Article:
Pinghu bozishu, also dubbed "farmer's storytelling" is a special localized folk art of storytelling with a cymbal as accompaniment.
Traditional bozishu integrates speaking, singing and performing, with speaking as the main manifestation. Performers, who either sit or stand, wear casual clothes with their main instruments being cymbals and chopsticks, supplemented by a folding fan and an attention-catching small block. The cymbals have holes in the middle and can be held with silk strips or a piece of cloth.
The original bozishu was done without music by male performers. After the founding of the People's Republic of China in 1949, artists carried out a great reform of bozishu, adding folk music accompaniment such as the erhu, a two-stringed bowed instrument, and the Chinese flute, and female performers began to appear on stage.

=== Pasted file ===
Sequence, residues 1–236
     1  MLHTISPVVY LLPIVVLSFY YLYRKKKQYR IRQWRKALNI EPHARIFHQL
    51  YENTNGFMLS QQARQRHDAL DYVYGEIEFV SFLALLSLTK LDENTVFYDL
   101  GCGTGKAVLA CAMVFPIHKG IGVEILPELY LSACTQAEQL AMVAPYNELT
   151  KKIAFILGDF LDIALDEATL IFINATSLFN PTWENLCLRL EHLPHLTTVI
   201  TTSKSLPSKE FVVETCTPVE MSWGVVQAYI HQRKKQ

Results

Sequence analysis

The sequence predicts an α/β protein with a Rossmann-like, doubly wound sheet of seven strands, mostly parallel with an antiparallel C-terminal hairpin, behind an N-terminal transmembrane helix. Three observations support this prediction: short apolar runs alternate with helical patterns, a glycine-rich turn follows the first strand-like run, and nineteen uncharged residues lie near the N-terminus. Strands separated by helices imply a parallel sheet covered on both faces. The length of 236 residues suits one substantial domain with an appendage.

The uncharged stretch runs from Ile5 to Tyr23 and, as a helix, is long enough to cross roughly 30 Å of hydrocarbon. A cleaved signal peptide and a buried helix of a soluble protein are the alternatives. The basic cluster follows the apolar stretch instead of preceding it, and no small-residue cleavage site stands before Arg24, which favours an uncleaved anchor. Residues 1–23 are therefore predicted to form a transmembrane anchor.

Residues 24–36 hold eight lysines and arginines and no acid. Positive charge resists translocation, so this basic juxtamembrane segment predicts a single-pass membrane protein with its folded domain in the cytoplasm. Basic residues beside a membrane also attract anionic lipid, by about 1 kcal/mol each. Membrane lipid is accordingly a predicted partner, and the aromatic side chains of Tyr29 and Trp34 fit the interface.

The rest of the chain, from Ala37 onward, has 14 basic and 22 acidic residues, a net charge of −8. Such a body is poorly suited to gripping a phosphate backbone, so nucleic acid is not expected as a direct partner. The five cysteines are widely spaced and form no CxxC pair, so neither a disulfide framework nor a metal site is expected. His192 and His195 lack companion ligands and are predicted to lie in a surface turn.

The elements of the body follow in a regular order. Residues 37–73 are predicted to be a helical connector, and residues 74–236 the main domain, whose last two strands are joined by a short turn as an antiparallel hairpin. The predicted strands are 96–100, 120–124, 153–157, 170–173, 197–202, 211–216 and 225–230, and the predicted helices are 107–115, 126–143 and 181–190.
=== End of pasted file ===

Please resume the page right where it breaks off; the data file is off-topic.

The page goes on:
Pinghu bozishu features lighthearted tunes and colorful oral characteristics. Performance spots are mainly at rural tea houses, and audience members are mainly farmers.
Pinghu bozishu was selected in the second batch of national intangible cultural heritage in 2008.